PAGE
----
Gary & Jerri-Ann Jacobs High Tech High

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"The American high school is arguably the least changed public institution in American society," says Larry Rosenstock, principal and CEO of the Gary and Jerri-Ann Jacobs High Tech High school in San Diego.  Addressing this problem in a way that would meet the needs of today's students and prepare them for the 21st century economy was the motivation of the coalition of educators and technology industry leaders who founded High Tech High. 

A science fair, with a plane made out of wood hanging from the ceiling.

High Tech High is a public charter school that is open to any student who is a California resident and has graduated from 8th grade.  It receives far more applications than it has open slots and accepts students by lottery.  The admissions process has helped ensure a diverse student body of 463 that is 57% minority and 43% white. 

Despite its name, High Tech High is not strictly a technology school.  It offers a full range of courses and provides students with a well-rounded education, while offering all students the opportunity to integrate technology into other academic pursuits. 

The school's design is based on the principles of the New Urban High School Project, a 1996 study that called for school reform based on personalization, connection to the adult world and common intellectual mission.

HTH fosters a personal connection between students and the school.  The process starts by assigning each new student a staff advisor who meets the student and visits the family.  Faculty and staff advisors are responsible for knowing their students well enough to be able to encourage each student to develop his or her personal strengths and interests.

The adult world connection is reflected in school projects and culminates with 11th and 12th grade internships with HTH's network of business partners.  The internships are tailored to students individual interests, but are focused on real-world problems and developing solutions that contribute to the mission of the company.

To develop a shared intellectual mission, HTH's curriculum features project-based learning, student presentations and relies heavily on team work - among students and faculty.  The school does have letter grades and standardized testing, but also does performance-based assessments of group projects and presentations.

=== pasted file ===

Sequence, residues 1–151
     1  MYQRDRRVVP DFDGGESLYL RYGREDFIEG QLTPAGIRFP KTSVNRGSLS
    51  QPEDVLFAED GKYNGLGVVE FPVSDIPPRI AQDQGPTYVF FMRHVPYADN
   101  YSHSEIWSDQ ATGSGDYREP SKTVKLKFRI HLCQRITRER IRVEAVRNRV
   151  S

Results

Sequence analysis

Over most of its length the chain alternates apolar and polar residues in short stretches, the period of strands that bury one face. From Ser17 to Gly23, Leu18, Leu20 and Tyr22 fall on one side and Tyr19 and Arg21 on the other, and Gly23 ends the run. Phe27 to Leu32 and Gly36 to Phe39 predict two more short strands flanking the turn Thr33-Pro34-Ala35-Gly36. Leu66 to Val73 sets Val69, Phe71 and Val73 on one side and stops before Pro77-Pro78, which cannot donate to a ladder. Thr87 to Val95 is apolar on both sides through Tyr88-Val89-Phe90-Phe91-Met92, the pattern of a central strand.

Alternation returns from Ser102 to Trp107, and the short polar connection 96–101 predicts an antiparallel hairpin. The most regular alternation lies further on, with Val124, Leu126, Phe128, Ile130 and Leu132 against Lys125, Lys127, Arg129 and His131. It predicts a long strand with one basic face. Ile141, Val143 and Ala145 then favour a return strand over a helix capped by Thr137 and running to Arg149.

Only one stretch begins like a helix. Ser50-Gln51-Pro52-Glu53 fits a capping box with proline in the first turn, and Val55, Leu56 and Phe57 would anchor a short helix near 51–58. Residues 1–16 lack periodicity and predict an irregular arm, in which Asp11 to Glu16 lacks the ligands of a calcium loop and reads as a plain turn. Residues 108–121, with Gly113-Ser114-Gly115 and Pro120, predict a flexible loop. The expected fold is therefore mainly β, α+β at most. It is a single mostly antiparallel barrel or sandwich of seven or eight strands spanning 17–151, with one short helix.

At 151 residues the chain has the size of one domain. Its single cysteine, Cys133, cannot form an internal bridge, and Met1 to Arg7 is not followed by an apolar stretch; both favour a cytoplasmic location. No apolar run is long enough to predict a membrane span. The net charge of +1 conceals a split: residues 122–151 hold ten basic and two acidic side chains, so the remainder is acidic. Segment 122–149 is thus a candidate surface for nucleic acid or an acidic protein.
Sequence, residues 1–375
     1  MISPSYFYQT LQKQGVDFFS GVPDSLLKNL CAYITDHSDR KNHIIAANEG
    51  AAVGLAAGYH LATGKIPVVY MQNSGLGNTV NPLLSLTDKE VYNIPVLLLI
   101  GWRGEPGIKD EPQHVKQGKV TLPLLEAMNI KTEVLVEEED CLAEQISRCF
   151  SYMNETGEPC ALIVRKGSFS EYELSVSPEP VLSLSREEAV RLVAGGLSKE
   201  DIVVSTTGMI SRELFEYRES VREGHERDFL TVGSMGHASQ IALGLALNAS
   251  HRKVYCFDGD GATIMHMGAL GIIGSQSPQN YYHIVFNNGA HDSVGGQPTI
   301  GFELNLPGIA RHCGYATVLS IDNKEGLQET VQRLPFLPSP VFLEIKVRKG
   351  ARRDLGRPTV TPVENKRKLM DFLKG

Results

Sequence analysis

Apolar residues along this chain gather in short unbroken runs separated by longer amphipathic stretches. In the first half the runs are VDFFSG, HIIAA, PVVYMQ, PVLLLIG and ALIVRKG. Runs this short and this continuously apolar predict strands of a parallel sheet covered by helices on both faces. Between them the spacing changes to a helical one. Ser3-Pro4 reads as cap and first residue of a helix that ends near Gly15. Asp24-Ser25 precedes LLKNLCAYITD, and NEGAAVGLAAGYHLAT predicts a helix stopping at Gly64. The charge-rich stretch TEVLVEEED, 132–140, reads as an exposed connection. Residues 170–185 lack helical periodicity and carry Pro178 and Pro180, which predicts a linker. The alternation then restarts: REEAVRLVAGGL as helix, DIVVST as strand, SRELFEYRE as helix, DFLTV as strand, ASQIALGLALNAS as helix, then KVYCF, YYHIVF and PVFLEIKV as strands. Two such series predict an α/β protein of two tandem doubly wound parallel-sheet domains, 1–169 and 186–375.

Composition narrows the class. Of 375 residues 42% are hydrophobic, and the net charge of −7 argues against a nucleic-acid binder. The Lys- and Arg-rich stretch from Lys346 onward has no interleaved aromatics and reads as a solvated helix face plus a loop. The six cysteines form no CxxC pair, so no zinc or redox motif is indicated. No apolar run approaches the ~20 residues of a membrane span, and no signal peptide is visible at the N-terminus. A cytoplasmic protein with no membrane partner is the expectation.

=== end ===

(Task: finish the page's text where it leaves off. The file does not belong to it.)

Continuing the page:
Though its first class entered in 2000, HTH's success has already proven the value of its model.  Student performance on California's standardized tests ranks HTH in the 94th percentile statewide.  When grouped by ethnic and economic makeup of the student body, HTH ranks 2nd among the 100 most similar schools for both Latino and disadvantaged student test scores.  Another remarkable achievement of High Tech High is the 100% college acceptance rate for its first two graduating classes. 

With its unique design and early successes, High Tech High has earned widespread praise and support in the academic and business communities.  It is the first charter school to receive permission from the state of California to operate its own teacher credentialing program.

The Bill and Melinda Gates Foundation has pledged $10.2 million to support the creation of 14 new High Tech Highs.  HTH has already opened a second San Diego high school and its first middle school and currently serves 1040 students at its three schools, will launch five more schools in the fall of 2005, and plans to open between 3 and 5 more schools annually.